There is need for housing for the higher end of affordability in LA. Los Angeles, like other cities across the state, has to regularly present to the state a plan outlining how it intends to build housing to meet demand in its boundaries.

The city is tracking to meet only 40% of the targets under the current 2021-2029 regional housing needs assessment for all income levels, Mayor Karen Bass announced last year.  According to that plan, the city’s target for units for households making 51% to 80% of AMI is 68,743, and the target for 81% to 120% of AMI units is 75,091. 

Abundant Housing LA Director of Policy and Research Scott Epstein agrees that getting to rent units at 80% has been a big factor in the directive’s popularity and the significant number of units that have been proposed because of it, but, generally speaking, he doesn’t think that’s a bad thing. 

“There wasn't a lot of this being built,” Epstein said of housing at the higher-end of affordability. “We don't have much of a production pipeline when it comes to housing for working folks.”

Abundant Housing was an early reporter of the fact that ED 1 had attracted developers who would not be using public funds to build income-restricted housing. 

“It's a pretty fantastic deal when we're on the hook for building hundreds of thousands of units in Los Angeles, and not coming close to that on an annual basis,” Epstein said, speaking of the state goals for housing in the city. 

Some who work in the advocacy field support more income-restricted housing at all levels that is privately funded, even if it is catering to the higher end of the affordable spectrum. Such projects could still address needs for below-market-rate housing while leaving subsidies and vouchers on the table for projects targeting the neediest populations, Inner City Law Center Policy Director Mahdi Manji told CalMatters. As the coming year threatens to bring a cutback to state-level affordable housing funding, that might be critical, he said.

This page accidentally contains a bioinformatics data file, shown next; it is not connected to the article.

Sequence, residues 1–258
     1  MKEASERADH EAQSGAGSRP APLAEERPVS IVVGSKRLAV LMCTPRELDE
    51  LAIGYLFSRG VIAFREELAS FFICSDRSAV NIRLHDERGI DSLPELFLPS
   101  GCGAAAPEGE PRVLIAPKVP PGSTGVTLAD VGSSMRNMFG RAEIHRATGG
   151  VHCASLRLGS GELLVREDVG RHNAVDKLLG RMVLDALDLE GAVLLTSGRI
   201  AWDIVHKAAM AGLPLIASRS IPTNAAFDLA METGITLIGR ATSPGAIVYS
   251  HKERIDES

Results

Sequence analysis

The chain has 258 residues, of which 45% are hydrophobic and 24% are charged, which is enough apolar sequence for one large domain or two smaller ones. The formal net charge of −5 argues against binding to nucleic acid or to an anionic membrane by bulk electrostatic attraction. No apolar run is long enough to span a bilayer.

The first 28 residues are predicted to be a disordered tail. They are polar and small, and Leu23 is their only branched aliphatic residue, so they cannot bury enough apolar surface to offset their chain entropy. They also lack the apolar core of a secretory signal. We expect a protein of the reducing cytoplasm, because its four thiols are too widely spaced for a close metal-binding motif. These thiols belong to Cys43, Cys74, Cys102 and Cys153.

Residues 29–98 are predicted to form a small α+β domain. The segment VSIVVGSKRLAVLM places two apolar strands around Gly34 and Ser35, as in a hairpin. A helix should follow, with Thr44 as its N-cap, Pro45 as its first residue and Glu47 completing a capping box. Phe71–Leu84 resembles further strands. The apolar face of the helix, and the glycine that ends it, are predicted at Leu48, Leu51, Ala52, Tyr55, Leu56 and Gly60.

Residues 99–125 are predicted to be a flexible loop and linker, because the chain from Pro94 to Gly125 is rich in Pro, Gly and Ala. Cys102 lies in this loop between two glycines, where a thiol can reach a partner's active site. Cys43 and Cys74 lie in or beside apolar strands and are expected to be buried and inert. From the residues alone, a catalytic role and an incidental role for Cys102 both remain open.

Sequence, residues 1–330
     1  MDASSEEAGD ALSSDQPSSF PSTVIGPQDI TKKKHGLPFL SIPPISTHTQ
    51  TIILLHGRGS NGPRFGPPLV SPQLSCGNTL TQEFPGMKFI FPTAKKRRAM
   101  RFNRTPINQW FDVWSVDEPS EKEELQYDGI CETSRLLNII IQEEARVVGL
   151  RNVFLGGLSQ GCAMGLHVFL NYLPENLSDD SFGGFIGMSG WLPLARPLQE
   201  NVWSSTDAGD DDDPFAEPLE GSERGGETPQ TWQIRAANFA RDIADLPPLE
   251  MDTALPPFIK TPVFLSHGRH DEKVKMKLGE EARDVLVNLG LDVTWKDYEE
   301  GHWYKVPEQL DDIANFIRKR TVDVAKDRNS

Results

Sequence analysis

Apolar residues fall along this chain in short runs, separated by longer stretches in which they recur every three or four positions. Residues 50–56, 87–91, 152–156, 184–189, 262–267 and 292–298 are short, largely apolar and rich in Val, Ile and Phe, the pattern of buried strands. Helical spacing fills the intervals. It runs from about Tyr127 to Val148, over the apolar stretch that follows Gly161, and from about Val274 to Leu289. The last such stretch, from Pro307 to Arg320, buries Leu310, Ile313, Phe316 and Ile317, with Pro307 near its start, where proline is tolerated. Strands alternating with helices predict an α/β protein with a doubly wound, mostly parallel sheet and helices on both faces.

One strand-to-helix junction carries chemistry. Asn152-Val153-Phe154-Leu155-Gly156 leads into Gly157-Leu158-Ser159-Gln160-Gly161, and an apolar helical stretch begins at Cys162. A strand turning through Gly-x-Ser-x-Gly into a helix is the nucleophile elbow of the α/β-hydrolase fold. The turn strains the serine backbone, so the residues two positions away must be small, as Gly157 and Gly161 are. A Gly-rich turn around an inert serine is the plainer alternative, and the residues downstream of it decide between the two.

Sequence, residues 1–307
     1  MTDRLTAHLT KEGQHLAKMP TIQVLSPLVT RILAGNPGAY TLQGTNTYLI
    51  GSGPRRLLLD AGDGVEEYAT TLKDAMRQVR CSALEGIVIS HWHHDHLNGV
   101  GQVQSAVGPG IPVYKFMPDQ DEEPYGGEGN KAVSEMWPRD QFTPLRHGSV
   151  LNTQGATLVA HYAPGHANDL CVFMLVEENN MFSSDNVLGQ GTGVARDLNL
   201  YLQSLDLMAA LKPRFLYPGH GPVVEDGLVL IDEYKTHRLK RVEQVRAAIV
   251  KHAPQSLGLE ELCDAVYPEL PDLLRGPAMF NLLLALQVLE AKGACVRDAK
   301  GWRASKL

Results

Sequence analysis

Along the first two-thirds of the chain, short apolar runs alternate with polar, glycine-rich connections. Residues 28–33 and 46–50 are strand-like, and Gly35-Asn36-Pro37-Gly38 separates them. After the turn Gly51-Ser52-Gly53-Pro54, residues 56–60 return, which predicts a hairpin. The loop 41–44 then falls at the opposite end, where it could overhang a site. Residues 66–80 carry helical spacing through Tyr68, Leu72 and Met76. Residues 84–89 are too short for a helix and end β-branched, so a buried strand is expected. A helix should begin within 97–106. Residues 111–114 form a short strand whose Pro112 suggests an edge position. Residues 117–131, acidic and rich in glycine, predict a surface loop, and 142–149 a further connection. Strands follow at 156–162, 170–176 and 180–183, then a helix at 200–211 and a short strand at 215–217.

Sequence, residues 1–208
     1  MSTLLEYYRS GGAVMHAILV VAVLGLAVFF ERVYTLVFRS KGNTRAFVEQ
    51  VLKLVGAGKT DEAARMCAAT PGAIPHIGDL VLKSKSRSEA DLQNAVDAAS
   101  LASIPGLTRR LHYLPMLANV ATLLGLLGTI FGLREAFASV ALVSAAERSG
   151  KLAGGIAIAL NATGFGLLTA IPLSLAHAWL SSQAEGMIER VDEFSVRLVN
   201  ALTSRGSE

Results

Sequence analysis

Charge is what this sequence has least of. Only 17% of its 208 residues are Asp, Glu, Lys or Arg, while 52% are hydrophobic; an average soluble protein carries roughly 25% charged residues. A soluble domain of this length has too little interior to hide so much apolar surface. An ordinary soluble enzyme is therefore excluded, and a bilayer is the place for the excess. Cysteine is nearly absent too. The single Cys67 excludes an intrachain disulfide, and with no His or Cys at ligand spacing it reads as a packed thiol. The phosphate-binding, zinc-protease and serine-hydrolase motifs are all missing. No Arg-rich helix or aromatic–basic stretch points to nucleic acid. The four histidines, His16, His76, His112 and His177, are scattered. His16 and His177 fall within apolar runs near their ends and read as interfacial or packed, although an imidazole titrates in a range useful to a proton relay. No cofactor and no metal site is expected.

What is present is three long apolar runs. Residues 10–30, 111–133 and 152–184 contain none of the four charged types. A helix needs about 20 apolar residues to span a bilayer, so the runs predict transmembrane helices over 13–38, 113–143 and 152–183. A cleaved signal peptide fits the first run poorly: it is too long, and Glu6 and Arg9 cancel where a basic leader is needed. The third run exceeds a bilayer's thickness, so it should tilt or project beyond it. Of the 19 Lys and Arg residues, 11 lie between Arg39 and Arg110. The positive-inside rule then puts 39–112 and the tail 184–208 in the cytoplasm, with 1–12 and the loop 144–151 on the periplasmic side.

But while the city as a whole needs more covenanted affordable housing, the dispersal of these units is not even. 

The majority of units proposed through Executive Directive 1, about 4,800, or roughly 35%, are slated to rise in the part of the city covered by the South Los Angeles area planning commission, an area that is roughly bounded by the 10 Freeway, Culver City, Vernon and the 105 Freeway where it meets the 110. 

South LA has historically been the top neighborhood for affordable housing, according to city data from 2015 through 2022. The area includes neighborhoods that have experienced prolonged disinvestment and redlining. 

Median household incomes in the South LA neighborhoods where ED 1 projects have been approved ranged from just under $51K to just under $63K in 2022. That's well below the 2022 citywide median household income of about $76K. In 2023, the city’s area median income rose to $98K, meaning a one-person household making $71,000 would qualify for an apartment at 80% of AMI.

Some advocates see a possible disconnect between the median income in the South LA neighborhoods where so many ED 1 projects are headed and the median income necessary to afford rent in those projects. 

“There is a concern and a need for information” about the affordability levels of these units, Strategic Actions for a Just Economy’s Director of Policy and Advocacy, Equitable Development and Land Use Maria Patiño Gutierrez said. 

Patiño Gutierrez authored a report and op-ed in the Los Angeles Times asking for greater transparency about ED 1 projects in general, but especially those that require the demolition of existing rent-stabilized housing or naturally occurring affordable units. She said that while SAJE is a supporter of affordable housing, more publicly accessible information on the projects it facilitates is needed. SAJE wants to see ED 1 tweaked so it can be fully beneficial, she said. 

If rents for many of these new units are set at levels that current residents can’t afford, “we’re not going to be able to benefit from development in our communities.”